In addition to the tours, activities this year across the dozen participating estates include talks by residents, architects and campaigners; barbeque picnics and guerilla gardening; film screenings about estate regeneration; a range of performances, including a puppet show, street orchestra and art workshops; exhibitions of paintings and photographs celebrating estate communities, as well as the architectural designs by ASH to save Central Hill estate.

“The more of us get involved the stronger the message we send,”  Dening and Elmer say. “Social housing not social cleansing!”


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1 Response to Central Hill’s open weekend to show the estate they are in

  1. Lewis White says:

    Many areas of the Heygate and Aylesbury Estates were terrible brutal places externally and in their inhuman monolithic architectural form, akin to concrete battleships moored in parallel. (One of the Channel 4 front ends with the big 4s appearing was taken on the Old Kent Road area of the Heygate.)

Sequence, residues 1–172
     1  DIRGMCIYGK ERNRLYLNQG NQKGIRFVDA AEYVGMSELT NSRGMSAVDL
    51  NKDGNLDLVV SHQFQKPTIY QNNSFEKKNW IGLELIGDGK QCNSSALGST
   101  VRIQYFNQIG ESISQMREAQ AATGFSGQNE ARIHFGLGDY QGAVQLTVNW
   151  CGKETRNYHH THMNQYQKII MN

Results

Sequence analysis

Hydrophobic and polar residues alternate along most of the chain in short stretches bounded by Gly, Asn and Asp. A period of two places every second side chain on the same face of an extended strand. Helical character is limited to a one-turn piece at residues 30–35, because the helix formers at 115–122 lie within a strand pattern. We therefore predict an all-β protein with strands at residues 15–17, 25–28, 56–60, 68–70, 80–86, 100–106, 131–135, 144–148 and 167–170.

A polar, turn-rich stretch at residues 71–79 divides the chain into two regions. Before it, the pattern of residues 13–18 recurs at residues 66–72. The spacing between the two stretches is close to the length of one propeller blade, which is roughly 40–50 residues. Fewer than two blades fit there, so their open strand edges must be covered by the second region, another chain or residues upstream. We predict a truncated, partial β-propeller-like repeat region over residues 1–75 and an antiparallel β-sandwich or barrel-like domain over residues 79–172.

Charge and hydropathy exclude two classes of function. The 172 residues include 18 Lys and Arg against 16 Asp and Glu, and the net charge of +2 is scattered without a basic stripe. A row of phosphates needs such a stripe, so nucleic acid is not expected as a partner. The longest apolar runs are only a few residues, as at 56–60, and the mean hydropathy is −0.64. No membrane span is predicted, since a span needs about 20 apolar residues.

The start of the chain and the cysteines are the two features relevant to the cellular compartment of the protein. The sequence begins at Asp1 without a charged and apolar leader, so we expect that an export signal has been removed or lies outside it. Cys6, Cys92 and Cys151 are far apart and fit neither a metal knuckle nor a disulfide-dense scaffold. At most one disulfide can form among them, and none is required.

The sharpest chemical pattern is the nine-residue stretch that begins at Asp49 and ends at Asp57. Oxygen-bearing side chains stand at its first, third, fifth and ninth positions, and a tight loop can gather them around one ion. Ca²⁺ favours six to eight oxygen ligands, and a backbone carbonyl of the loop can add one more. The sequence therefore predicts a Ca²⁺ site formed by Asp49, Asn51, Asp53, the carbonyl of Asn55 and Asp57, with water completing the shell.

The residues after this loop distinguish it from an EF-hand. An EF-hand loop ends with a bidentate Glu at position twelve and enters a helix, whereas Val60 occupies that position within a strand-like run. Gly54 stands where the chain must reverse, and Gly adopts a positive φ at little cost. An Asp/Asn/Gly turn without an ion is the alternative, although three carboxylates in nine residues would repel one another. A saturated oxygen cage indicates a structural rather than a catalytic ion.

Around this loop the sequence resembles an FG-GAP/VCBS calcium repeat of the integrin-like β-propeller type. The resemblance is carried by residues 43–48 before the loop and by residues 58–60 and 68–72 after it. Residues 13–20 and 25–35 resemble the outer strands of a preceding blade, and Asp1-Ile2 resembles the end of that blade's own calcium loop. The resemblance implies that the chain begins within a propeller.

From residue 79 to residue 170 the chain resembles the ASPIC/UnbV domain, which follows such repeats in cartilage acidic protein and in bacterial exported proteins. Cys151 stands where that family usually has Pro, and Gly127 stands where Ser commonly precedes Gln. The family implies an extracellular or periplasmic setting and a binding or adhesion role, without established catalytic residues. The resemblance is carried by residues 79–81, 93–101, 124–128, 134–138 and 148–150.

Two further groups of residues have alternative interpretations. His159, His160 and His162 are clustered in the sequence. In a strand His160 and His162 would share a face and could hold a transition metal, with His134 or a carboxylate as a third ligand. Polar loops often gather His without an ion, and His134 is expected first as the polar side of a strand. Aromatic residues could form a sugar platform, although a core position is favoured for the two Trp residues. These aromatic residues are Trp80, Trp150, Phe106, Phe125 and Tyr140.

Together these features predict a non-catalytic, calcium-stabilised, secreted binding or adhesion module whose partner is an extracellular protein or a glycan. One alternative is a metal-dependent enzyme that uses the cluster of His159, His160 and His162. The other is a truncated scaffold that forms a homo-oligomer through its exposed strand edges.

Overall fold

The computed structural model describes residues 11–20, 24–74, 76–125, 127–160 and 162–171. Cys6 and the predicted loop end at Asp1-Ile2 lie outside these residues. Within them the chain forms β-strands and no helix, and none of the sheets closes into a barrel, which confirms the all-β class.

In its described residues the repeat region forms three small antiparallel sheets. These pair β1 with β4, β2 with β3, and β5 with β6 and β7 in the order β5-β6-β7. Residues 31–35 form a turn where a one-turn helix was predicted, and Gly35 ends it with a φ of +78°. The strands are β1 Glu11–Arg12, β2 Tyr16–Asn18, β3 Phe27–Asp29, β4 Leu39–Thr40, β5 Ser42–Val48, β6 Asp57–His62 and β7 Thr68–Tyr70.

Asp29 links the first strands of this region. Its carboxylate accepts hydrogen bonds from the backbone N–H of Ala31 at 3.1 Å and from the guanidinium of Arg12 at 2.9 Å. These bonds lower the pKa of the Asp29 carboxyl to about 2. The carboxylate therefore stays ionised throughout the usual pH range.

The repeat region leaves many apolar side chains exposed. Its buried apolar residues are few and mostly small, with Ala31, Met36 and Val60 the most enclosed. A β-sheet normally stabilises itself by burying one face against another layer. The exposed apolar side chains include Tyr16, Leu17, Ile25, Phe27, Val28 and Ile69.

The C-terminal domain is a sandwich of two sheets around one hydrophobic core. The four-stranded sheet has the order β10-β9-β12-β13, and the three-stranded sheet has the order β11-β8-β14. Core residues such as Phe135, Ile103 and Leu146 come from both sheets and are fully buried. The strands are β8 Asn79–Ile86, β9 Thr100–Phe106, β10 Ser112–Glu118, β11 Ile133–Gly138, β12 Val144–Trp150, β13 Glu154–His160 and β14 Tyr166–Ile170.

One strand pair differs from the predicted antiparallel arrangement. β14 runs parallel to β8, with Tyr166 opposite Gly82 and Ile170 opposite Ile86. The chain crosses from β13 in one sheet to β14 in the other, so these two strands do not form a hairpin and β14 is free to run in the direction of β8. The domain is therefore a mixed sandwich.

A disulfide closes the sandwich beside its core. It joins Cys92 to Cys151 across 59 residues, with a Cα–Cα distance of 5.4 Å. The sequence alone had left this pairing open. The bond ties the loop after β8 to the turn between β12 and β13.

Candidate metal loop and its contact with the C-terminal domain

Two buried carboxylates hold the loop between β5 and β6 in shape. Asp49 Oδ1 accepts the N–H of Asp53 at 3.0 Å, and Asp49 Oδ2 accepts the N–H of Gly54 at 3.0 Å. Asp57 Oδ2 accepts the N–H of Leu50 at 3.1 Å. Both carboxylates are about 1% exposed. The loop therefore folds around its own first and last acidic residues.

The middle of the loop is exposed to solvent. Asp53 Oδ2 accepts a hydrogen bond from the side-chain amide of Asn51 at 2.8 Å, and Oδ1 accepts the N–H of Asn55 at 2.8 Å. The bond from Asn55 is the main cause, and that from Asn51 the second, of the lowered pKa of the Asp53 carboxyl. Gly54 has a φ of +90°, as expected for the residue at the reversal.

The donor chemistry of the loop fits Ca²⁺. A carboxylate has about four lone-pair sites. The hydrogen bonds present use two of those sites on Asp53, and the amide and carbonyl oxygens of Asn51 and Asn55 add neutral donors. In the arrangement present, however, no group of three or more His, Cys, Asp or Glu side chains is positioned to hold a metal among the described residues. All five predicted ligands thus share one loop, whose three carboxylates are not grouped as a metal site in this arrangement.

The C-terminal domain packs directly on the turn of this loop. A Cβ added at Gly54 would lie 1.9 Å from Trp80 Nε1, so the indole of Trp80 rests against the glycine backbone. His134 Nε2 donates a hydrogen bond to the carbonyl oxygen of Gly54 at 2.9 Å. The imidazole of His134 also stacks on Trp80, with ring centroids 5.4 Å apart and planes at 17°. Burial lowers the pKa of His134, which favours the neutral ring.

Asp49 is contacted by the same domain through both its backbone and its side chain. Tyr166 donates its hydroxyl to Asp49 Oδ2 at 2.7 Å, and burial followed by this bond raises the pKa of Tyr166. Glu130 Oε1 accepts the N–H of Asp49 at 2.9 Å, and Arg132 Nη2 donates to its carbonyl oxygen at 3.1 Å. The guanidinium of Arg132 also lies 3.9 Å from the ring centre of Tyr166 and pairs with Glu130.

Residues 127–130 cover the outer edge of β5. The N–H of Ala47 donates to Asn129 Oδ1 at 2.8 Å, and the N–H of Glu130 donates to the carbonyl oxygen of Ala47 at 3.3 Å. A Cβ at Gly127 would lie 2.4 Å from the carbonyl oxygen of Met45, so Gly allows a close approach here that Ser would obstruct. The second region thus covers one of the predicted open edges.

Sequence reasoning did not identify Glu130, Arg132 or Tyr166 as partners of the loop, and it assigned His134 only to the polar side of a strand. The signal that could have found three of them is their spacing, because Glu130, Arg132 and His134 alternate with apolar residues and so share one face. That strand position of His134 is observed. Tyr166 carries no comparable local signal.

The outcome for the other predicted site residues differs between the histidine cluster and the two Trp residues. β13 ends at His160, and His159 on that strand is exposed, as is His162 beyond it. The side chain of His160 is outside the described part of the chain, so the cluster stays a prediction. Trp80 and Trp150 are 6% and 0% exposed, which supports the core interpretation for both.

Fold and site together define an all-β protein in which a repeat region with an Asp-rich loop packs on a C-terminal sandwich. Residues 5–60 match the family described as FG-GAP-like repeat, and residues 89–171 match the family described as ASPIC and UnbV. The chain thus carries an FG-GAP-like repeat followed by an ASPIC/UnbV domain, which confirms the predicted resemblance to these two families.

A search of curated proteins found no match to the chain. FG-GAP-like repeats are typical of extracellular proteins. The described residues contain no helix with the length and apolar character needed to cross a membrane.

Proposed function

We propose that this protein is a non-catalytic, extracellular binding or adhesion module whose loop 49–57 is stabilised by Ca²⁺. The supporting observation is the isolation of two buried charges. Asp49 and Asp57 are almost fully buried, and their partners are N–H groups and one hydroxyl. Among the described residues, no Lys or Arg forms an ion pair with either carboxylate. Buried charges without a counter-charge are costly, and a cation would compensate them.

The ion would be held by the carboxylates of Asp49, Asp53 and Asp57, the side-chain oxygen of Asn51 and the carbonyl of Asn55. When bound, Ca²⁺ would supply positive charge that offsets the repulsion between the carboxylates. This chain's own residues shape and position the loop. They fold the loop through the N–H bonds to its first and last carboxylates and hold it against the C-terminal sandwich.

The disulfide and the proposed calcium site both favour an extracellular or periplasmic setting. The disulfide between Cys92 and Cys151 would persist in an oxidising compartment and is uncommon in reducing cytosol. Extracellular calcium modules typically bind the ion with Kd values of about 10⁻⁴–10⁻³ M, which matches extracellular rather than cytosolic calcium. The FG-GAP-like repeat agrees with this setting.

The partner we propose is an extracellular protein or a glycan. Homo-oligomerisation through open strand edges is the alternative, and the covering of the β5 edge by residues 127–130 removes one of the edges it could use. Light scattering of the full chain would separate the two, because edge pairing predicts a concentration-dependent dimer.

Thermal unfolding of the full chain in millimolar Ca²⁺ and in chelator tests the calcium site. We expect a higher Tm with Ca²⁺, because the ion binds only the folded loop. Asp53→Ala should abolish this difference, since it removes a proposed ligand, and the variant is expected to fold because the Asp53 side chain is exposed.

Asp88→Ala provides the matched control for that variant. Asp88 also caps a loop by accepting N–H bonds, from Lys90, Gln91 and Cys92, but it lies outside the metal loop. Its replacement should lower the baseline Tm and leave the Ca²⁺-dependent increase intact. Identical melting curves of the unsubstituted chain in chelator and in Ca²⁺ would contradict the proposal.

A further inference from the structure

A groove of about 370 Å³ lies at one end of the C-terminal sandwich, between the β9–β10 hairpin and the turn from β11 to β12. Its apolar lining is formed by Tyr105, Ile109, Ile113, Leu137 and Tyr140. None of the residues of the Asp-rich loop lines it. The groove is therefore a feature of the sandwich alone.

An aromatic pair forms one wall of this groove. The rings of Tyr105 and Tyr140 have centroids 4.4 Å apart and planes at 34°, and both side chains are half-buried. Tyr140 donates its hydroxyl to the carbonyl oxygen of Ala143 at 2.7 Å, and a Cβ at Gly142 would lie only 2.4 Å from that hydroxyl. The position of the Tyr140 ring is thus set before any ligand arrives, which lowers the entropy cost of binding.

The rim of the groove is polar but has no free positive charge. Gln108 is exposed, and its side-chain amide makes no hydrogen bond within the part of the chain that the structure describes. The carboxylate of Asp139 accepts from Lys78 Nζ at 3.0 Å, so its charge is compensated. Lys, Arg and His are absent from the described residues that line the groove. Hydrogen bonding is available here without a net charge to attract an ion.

Internally, I understand, the flats were huge, and were popular with the residents..
    The problem for local authorities is always cost cutting, which trim out the caretaking services, and now the housing officers, leaving fewer officers to share ever larger “patches”.

    This pressure, allied with features like decks and raised walkways, and the absence of budgets to maintain the decaying external environment means that many estates have become badly run down.Some quite nice, are not derelict, but are , externally, worn out, and in need of massive refurbishment of the outdoors.

    I can see why some become derelict. But others nearby don’t, which is always interesting.

    It would be instructive to see a 100 year costed overview of a number of 1960’s council estates, showing the building cost, and maintenance cost, refurbishment cost and redevelopment costs, a series of pictures of their architecture, and resident comments as to their likes dislikes, and concerns..

    My guess is that many estates would not fall into the derelict category if they had had more money for maintenance and management eg concierge services. Others are just so unsuited to human life, that they need to redeveloped.

    Of course, no one keeps records to show all of these.estates like this.

    I am avoiding the question of “social cleansing” as I have not researched it, but I recall that “Dame” Shirley Porter was believed to be an early,very successful exponent of the art, “encouraging” certain residents to get out of juicier nice estates, to change the demographic-and thus voting pattern. Of course I could not possibly comment.